Of course, this great moment for our nation wasn't anywhere near certain: as late as last week, when the bill was killed as part of a larger Pentagon policy package, it looked likely that DADT would remain a troubling piece of military law for at least the next few years. But then Senators Joe Lieberman (I-CT) and Susan Collins (R-Maine) introduced the repeal as a stand-alone measure -- clearing the way for a vote that ended up proving that on some days, on some issues, some whiff of bi-partisanship still lives in Washington.
The final vote was 65 -31 in favor of repeal, with eight Republican senators crossing the aisle to join Democrats in ending sanctioned discrimination in our armed forces. It will take at least 60 days for the military to implement a plan to dissolve the policy, and questions, of course, remain about how well the military will end up handling the process and addressing issues of harassment that are bound to erupt. But whatever happens from here, it is worth pausing to celebrate the fact that the United States has finally taken a definitive, positive stance on the worth of gay and lesbian citizens to this nation, and its military. As Senator Ron Wyden (D - Oregon) stated in the opening moments of debate, “I don’t care who you love. If you love this country enough to risk your life for it, you shouldn’t have to hide who you are.”
That's exactly right. The military still has any number of egregious issues to address -- from its treatment of women soldiers in general, to the startling high incidence of sexual trauma service members experience (issues which Ms. Foundation grantee SWAN is working to combat). But at least telling the truth about who you are is no longer cause for dismissal. That, to our minds, is something well worth celebrating.
Of course, Congress rarely gives you a reason to celebrate without also giving you cause to tear out your hair -- and this weekend was no exception. On their way to enacting the long-awaited repeal of DADT, the Senate failed to pass the Dream Act, falling just five, heartbreaking votes shy of the 60 needed to make way for this important piece of legislation.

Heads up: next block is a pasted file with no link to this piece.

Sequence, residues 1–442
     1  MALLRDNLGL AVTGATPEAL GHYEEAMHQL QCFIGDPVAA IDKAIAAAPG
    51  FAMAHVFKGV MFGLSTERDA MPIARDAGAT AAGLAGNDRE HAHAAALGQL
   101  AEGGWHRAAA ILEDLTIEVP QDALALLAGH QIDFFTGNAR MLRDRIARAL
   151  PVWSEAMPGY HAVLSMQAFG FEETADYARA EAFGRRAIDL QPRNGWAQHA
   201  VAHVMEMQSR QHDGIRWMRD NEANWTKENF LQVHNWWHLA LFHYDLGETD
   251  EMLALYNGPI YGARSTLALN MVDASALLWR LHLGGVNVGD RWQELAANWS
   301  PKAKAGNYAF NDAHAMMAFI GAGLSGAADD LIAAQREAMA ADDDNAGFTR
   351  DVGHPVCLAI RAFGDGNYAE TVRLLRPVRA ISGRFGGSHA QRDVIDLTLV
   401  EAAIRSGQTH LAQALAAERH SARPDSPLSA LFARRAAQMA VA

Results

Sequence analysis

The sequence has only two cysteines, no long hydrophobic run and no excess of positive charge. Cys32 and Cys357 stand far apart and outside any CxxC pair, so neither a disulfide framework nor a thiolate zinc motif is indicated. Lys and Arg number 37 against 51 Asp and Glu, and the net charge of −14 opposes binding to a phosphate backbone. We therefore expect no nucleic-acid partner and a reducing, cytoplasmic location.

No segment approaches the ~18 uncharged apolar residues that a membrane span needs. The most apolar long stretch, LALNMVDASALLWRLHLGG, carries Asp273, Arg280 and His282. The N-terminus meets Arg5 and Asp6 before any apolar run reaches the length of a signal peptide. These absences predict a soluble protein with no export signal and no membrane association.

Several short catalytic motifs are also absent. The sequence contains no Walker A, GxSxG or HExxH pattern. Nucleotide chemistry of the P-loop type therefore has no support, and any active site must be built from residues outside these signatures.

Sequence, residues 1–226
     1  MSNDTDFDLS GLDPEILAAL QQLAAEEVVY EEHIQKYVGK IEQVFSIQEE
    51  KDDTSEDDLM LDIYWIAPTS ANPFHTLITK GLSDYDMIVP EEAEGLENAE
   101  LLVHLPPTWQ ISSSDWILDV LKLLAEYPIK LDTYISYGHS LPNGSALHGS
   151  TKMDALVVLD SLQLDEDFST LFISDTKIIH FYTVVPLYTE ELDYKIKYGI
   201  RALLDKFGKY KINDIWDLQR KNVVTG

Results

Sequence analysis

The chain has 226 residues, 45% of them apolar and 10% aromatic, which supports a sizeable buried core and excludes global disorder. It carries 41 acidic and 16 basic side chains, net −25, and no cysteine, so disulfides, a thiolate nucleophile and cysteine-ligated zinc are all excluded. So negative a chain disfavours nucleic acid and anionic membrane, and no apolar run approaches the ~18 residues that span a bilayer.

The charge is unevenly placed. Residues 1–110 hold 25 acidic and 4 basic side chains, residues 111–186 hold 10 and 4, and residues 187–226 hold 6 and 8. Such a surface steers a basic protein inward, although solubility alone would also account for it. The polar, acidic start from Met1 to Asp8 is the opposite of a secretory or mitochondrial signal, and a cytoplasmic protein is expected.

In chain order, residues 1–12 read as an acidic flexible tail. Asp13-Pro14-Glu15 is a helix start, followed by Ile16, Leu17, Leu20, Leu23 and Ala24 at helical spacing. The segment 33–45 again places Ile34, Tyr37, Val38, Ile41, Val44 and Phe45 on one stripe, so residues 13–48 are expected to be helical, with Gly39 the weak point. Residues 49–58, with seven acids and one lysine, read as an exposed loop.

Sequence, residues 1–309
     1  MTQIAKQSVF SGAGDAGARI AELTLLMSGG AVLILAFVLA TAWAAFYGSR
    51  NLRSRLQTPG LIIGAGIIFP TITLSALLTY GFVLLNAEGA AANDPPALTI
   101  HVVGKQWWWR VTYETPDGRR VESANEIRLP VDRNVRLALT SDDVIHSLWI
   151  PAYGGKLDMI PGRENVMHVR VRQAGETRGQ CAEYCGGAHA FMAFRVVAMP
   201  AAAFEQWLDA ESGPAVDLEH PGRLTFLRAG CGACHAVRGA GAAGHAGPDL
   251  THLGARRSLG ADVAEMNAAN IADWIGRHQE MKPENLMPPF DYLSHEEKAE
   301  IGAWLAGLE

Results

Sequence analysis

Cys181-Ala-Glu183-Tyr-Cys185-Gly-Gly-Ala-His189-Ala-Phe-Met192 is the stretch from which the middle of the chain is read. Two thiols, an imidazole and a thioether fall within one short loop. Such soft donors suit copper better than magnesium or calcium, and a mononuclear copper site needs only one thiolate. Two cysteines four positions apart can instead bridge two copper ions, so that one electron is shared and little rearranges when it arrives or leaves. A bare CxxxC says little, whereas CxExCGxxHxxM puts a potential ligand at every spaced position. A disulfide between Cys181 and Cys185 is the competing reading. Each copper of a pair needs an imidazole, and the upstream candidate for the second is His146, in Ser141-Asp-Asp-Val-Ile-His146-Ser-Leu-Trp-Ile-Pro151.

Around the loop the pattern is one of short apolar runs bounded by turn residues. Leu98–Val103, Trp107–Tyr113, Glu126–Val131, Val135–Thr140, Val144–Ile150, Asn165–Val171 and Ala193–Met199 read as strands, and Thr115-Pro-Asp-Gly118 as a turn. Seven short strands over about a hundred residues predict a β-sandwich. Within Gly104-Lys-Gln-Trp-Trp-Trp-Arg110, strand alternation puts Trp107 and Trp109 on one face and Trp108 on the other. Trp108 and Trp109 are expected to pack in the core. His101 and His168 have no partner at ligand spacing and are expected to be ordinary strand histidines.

The Dream Act would have provided a critical path to citizenship for those brought to this country as undocumented minors: through education and/or military service, young immigrants would have been given the opportunity to become legal citizens, and to build a better future in the only country many of them have ever known. The now dead bill would have had a particular impact on women -- who, as Ms. Foundation grantee NLIRH points out, are the backbone of their communities. As women now make up more than half of all immigrants, tend to be the primary breadwinners in families, and are usually the ones who initiate the citizenship process, the defeat of this bill leaves thousands of women and their families quite literally shut out of the American dream.
We can't say enough how deeply disappointed we are that no bi-partisan effort similar to what we saw on DADT was forthcoming on the Dream Act (especially since the act could have reduced the federal deficit by an estimated $1.4 billion over 10 years, and fiscal austerity tends to be a top talking point for Conservative leaders). Either way, depriving young women and men of the opportunity to make the most of their lives in this country seems to us about as un-American as you can get. We can only hope that the incoming Congress will somehow have the good sense to revisit the topic in short order, and get on the right side of history on this front, as they finally did with DADT.